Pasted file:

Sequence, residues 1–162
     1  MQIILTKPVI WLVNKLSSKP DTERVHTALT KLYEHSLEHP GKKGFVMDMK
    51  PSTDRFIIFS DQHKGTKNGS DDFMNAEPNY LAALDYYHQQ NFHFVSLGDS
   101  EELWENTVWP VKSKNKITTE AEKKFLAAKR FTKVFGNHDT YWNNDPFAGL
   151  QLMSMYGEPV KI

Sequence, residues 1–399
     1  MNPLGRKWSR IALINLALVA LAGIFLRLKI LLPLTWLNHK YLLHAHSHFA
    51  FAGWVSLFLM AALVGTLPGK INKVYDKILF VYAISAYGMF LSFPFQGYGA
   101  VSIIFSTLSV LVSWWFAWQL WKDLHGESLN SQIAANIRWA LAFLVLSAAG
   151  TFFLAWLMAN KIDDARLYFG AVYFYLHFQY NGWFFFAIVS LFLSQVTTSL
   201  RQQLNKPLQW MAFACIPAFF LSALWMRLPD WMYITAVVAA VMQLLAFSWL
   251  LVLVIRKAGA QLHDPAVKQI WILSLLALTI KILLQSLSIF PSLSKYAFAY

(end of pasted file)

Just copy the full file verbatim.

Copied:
Sequence, residues 1–162
     1  MQIILTKPVI WLVNKLSSKP DTERVHTALT KLYEHSLEHP GKKGFVMDMK
    51  PSTDRFIIFS DQHKGTKNGS DDFMNAEPNY LAALDYYHQQ NFHFVSLGDS
   101  EELWENTVWP VKSKNKITTE AEKKFLAAKR FTKVFGNHDT YWNNDPFAGL
   151  QLMSMYGEPV KI

Sequence, residues 1–399
     1  MNPLGRKWSR IALINLALVA LAGIFLRLKI LLPLTWLNHK YLLHAHSHFA
    51  FAGWVSLFLM AALVGTLPGK INKVYDKILF VYAISAYGMF LSFPFQGYGA
   101  VSIIFSTLSV LVSWWFAWQL WKDLHGESLN SQIAANIRWA LAFLVLSAAG
   151  TFFLAWLMAN KIDDARLYFG AVYFYLHFQY NGWFFFAIVS LFLSQVTTSL
   201  RQQLNKPLQW MAFACIPAFF LSALWMRLPD WMYITAVVAA VMQLLAFSWL
   251  LVLVIRKAGA QLHDPAVKQI WILSLLALTI KILLQSLSIF PSLSKYAFAY